Author: Sarah Westbay

28 English Majors and A One Page Paper

Our final project for the Octavia Butler course was to create a one paged “something” that would be completed collectively by the entire class. When I first learned about the nature of this assignment, my initial reaction was one of panic. I could not imagine 28 individuals working together to create something. I feared that the process would not go smoothly and that not everyone’s efforts would be sufficiently included. I pondered how much simpler the assignment would be if each of us had to create a one page paper on our own. Working creatively can be difficult as an individual, but the ideas of many individuals in one space would certainly be a challenge.

After speaking with other individuals in the class, I learned that many of us had similar apprehensions regarding this one-paged collaborative paper. This knowledge was comforting to me because I was happy to learn that my anxieties were not unique. As a class, we knew going into this project that communication would be a crucial component to our success.

I was very impressed with the democratic ways in which decisions for this project were made. Initially, I feared that the majority of this assignment would be taken over by 3-4 outgoing individuals. But to my surprise, every decision made regarding this project was agreed upon by everyone. That being said, Google polls became our best friend in the beginning stages of this project. People would share ideas with the group that would then be voted on before we moved forward. This way, everyone’s opinions could be heard, and decisions would be made with everyone’s opinions considered.

The structure of the project was only the first obstacle. Once we decided on creating a “How to Guide” for dealing with the traps in Octavia Butler’s fiction, we had to struggle with our next task: making it only one page in length. As english majors, we all have the capability to expand on this topic for well over one page. Making a succinct point among 28 individuals became a very difficult and sometimes daunting obstacle.

This task became a little easier when we began to brainstorm specific traps that Octavia Butler sets up for us. We all shouted out ideas that were written on the whiteboard for us all to see. As a class, we narrowed these traps down to three main issues we all deal with in her fiction. By narrowing our focus, it allowed for us to channel our energy and creativity to specific sections of her fiction. It also created an opportunity for the class to divide amongst ourselves into three smaller groups that focused on one topic. By doing this, we were more easily able to express our thoughts in detail to our group members.  

After collaborating within our groups, we came together as a class to discuss what we came up with. We thought of ways to edit each group’s work in ways that would strengthen our project as well as make each of the three parts work together as a whole. I was very impressed with the manner in which my classmates offered constructive criticism to their peers. It was clear that everyone was taking into account that if their ideas were cut from the project, that it wasn’t anything personal. Everyone was very mature about making decisions that would be best for the project, even if this included massive amounts of tweaking and critiquing.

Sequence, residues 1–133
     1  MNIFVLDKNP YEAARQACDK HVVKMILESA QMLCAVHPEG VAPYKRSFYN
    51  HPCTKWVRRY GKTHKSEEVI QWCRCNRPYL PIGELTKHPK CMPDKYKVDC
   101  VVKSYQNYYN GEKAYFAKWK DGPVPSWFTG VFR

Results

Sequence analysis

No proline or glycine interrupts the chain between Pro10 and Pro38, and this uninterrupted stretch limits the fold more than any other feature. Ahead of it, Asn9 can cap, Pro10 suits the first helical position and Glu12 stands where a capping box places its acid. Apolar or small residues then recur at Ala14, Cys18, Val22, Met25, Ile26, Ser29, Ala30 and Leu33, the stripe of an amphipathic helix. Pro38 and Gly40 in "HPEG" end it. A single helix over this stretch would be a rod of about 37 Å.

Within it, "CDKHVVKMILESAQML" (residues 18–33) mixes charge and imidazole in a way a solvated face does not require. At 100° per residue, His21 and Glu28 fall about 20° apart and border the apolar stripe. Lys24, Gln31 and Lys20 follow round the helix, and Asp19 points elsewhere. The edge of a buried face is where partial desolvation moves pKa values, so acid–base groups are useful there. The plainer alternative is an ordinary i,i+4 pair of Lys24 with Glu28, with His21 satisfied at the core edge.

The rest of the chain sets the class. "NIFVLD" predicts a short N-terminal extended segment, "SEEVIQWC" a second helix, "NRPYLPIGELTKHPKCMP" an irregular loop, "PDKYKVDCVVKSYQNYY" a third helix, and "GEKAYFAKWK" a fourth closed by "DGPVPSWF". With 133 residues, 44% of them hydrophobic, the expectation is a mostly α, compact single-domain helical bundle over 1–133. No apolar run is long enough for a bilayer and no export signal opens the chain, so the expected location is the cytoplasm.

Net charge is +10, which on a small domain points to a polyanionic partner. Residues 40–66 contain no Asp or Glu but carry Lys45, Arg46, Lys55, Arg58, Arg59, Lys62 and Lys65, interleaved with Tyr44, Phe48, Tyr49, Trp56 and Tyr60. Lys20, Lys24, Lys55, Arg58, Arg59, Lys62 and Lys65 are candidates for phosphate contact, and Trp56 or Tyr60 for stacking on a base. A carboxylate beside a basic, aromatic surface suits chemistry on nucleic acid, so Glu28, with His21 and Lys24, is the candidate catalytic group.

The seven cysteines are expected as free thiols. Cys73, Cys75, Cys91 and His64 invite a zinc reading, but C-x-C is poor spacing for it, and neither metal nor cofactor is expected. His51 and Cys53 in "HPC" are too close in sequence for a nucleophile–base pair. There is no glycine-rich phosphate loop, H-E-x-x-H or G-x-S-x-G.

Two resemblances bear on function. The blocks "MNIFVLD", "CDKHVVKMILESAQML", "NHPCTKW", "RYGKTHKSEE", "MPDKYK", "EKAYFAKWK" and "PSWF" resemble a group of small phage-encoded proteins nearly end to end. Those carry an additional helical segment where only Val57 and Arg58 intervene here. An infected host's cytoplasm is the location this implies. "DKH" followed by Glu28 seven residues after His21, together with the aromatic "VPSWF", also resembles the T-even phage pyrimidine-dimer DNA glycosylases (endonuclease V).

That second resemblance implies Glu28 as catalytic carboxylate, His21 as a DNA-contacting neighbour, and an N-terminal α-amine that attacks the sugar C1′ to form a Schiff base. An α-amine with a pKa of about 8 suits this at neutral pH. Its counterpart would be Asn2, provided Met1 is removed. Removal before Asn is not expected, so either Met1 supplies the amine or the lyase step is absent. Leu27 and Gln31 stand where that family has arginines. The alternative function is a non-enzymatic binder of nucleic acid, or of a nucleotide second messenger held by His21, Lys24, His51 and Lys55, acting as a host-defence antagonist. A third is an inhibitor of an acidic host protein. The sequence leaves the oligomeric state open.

The experience of creating a one page piece with the efforts of 28 individuals was quite eye opening. Completing this project was certainly challenging at times, but the group’s effort to communicate well and ability to be inclusive to everyone, helped us to accomplish something that we are all proud of. It is quite amazing that 28 individuals were able to have a part of a project that is only one page in length. Each person in the class helped to improve the “How to guide” even further. By having so many sets of eyes working on this project, it incorporated all of our interpretations of how we felt about Octavia Butler’s Fiction and the course as a whole.

 

This section part of this blog post is a reflection of my experience with our project after it was presented to Dr. McCoy:  

 

Before Dr. McCoy entered the room, we all sat and discussed the most efficient way to present it to her. We decided that if each of us read a line from our project it would continue to reinforce the nature of us all coming together. As Dr. McCoy entered the room, she sat in the center of all of us in a circle and we began to read aloud our project. By her emotional and positive response to our project, I felt relieved but also not surprised. I feel immensely proud of everyone in our class for several reasons. We were able to share our ideas in a way where all of us were heard and all of our opinions were considered. We talked about how the nature of this project was challenging for us, but also elaborated on how that was a good thing. All of us struggled with certain themes in Butler’s fiction but were also able to efficiently deal with these struggles to help create strong conceptual points in our project.

Next, in our discussion of why we felt we deserved an A on the project, it reminded me of how far we have come as a group. At the start of this project, all of us were well aware that we were pressed for time and that we needed to work efficiently and diligently to be able to produce a project with the level of quality that we all aimed for. Although we worked under time constraints, we still managed to discuss thoroughly the important structural and contextual aspects of this project. In my opinion, it was quite commendable how we were able to reach a consensus on these issues in a timely manner as well as moving forward when everyone felt comfortable. Our system of democracy that we created among the 28 of us also helped tremendously in ensuring fairness and equal representation of ideas. Also, the fact that we were able to effectively break up into smaller groups to discuss specific ideas pertaining to the text in the project, more of our voices could be heard. It is often easier to speak up, especially for shy individuals, in smaller groups. One of the most prominent reasons why I was so impressed with our class is that we were able to disagree and discuss ideas in a polite manner. Often when someone critiques another individual’s idea, it can come off as harsh or demeaning. Everyone in the class was not only open to criticism, but fair and kind with the criticisms that they offered. We all accepted critiques because we had a mutual understanding that we needed to do what was best for the project as a whole.